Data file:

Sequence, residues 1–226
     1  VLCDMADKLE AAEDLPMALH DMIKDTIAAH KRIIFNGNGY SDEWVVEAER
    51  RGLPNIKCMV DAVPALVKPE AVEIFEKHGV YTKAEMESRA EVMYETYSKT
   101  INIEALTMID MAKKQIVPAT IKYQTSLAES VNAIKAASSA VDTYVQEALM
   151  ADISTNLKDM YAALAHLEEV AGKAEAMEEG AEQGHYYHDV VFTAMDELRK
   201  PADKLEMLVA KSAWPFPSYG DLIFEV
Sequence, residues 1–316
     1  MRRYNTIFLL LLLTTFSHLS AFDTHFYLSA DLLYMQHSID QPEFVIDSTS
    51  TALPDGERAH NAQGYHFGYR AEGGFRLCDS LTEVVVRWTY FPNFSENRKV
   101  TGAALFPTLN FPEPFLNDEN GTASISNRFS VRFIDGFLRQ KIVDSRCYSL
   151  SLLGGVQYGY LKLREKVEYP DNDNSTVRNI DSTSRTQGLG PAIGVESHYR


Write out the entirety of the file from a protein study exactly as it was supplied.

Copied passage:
Sequence, residues 1–226
     1  VLCDMADKLE AAEDLPMALH DMIKDTIAAH KRIIFNGNGY SDEWVVEAER
    51  RGLPNIKCMV DAVPALVKPE AVEIFEKHGV YTKAEMESRA EVMYETYSKT
   101  INIEALTMID MAKKQIVPAT IKYQTSLAES VNAIKAASSA VDTYVQEALM
   151  ADISTNLKDM YAALAHLEEV AGKAEAMEEG AEQGHYYHDV VFTAMDELRK
   201  PADKLEMLVA KSAWPFPSYG DLIFEV
Sequence, residues 1–316
     1  MRRYNTIFLL LLLTTFSHLS AFDTHFYLSA DLLYMQHSID QPEFVIDSTS
    51  TALPDGERAH NAQGYHFGYR AEGGFRLCDS LTEVVVRWTY FPNFSENRKV
   101  TGAALFPTLN FPEPFLNDEN GTASISNRFS VRFIDGFLRQ KIVDSRCYSL
   151  SLLGGVQYGY LKLREKVEYP DNDNSTVRNI DSTSRTQGLG PAIGVESHYR